The Weird Universe explores a human and natural cosmos that is not only stranger than we imagine, but stranger than we can imagine. The usual suspects are Paul Di Filippo; Alex Boese, curator of the Museum of Hoaxes; and Chuck Shepherd, purveyor of News of the Weird.
Items Tagged: blogging
- Woolf in the (Counterfactual) Sixties June 30, 2016
- Short Story: "Space Raptor Butt Invasion" June 29, 2016Note: I'm having a hard time posting this, possibly because I used a word LiveJournal doesn't like, a word starting with P and rhyming with shmornography. Now that everyone knows what it is, I'm going to replace it with astericks and see what happens.And so we come to Chuck Tingle’s “Space Raptor Butt Invasion” — and I find I have nothing to say. This is probably because “SRBI” isn’t science fiction but gay dinosaur ****, and while I know a bit about the former, I know nothing at all about the latter. Still, if you’re looking for gay dinosaur ****, this story is probably for you.Okay, I do have something more to say. Other books by Tingle, listed at the back, include “Taken by the Gay Unicorn Biker,” “Seduced by Doctor Bigfoot: Attorney at Large,” and “Turned Gay by the Living Alpha Diner.” (This last is not about a person who dines but an actual restaurant.) Chuck Tingle, whoever he is, certainly doesn’t lack for imagination.I have no idea why this story was on the Rabid Puppies’ slate.
- Bishop in the (Counterfactual) Sixties June 29, 2016
- Heinlein (Counterfactual) in the Sixties June 28, 2016
- Short Story: "Seven Kill Tiger" June 28, 2016This review contains spoilers.“Seven Kill Tiger” by Charles Shao is a disturbing story, but maybe not for the reasons the author thinks. We start with a deeply unpleasant main character, Zhang Zedong, a company man sent from China to Zambia who needs to improve his production numbers and who is prone to thinking things like “Africa would be a glorious place were it not for the Africans." “What he needed was more Han people,” he thinks, and the solution he comes up with is to wipe out the native population of Africa using genetic warfare.Dr. Philip Thompson, a scientist at the Center for Disease Control, gets some information about a disease in Zambia that is killing only Africans, leaving the Chinese people in the area unaffected. But as he’s thinking about reporting these statistics, and his uncomfortable conclusions about them, he gets a visit from a Chinese man who threatens him with his death and the deaths of his friends if he shares his suspicions with anyone.Spoilers ahead.And then the full epidemic is triggered, and all the Africans die.One of the weirdest things about this story, of course, is that it’s nothing like what Puppies say they want, narratives fraught with conflict, excitement, tension, and with good triumphing over evil at the end. There’s no tension whatsoever, just a straightforward account of what would be the worst genocide in human history. Good doesn’t triumph over evil here — it doesn’t even get out of the gate.And there are no likable characters, another thing Puppies say they want. The closest is poor Dr. Thompson, who folds completely when he’s threatened.Then there’s the unapologetic racism. Not Zhang Zedong’s racism, which is understandable for the kind of character he is, a colonizer who doesn’t understand why the colonized are refusing to get with the program. I mean the story’s racism, where the murder of nearly an entire race happens without even a passing remark. (People do think about genocide in the abstract; it’s the kind of genocide, specifically of Africans, and the horrible historic implications, that are passed over as though they don’t matter.) “Seven Kill Tiger” is presented as a thought experiment, an attempt to show that, as editor Jerry Pournelle says in his introduction, “once something is possible, it is only a matter of time before it becomes real.” But surely the genocide of over a billion people overshadows any detached, logical thinking on the subject. I know I didn’t come away from “Seven Kill Tiger” thinking, “Wow, genetic warfare, pretty scary.” Instead the story functions as a kind of genetic weapon itself: anyone with the least bit of empathy will be left feeling sick to their stomach.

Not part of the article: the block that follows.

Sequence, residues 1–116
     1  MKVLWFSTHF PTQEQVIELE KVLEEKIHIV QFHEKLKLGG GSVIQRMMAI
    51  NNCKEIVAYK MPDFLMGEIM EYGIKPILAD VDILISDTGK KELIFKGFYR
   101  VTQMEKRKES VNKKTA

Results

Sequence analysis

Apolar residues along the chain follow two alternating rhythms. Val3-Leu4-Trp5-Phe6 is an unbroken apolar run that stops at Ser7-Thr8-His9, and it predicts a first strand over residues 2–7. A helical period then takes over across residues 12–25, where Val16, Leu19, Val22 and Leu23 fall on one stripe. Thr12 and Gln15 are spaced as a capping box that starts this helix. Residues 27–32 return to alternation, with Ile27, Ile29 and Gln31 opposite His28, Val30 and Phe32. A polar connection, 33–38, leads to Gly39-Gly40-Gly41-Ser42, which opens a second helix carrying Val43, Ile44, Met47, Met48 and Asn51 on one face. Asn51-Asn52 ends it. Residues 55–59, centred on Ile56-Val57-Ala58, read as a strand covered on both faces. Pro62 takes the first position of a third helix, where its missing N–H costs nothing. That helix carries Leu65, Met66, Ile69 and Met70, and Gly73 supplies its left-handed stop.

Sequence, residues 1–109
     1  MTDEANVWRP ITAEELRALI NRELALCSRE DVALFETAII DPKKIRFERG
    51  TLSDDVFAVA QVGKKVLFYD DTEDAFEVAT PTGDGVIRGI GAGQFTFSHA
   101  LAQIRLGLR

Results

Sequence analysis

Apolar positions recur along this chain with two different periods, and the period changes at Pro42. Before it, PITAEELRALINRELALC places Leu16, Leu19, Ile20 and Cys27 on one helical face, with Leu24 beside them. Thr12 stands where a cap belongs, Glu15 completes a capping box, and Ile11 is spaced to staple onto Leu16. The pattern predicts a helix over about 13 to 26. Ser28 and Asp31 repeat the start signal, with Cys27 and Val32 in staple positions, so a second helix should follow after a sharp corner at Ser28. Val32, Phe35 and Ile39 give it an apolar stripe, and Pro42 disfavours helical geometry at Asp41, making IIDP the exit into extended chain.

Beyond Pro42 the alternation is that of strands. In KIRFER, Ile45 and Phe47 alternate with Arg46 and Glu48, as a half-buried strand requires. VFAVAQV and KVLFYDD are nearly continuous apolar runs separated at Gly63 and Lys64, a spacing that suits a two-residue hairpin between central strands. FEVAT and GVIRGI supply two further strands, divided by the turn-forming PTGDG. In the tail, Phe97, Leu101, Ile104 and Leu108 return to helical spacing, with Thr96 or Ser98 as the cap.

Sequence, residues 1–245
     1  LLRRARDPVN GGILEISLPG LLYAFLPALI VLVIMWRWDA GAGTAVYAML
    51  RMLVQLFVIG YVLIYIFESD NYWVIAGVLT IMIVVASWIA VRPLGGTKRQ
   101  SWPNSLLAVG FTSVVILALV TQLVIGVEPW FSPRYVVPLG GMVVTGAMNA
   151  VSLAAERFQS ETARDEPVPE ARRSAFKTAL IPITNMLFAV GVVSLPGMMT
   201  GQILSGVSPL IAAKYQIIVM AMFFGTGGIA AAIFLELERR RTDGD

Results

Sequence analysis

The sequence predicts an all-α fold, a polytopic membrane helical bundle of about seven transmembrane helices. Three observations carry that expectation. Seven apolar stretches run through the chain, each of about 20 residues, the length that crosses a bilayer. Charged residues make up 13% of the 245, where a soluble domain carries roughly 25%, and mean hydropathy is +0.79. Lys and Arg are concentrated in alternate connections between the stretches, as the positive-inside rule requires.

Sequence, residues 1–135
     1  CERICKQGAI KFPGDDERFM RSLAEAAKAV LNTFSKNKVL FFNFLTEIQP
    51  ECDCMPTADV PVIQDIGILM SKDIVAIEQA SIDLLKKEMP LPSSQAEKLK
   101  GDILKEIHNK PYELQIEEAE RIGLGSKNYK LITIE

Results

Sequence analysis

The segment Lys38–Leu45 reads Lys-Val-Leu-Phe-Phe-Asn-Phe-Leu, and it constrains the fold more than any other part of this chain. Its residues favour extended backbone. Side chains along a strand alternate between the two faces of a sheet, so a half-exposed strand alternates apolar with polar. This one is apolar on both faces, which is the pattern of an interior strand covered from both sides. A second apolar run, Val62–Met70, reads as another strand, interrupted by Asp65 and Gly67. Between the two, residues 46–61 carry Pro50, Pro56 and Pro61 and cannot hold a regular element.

- Russ in the (Counterfactual) Sixties June 28, 2016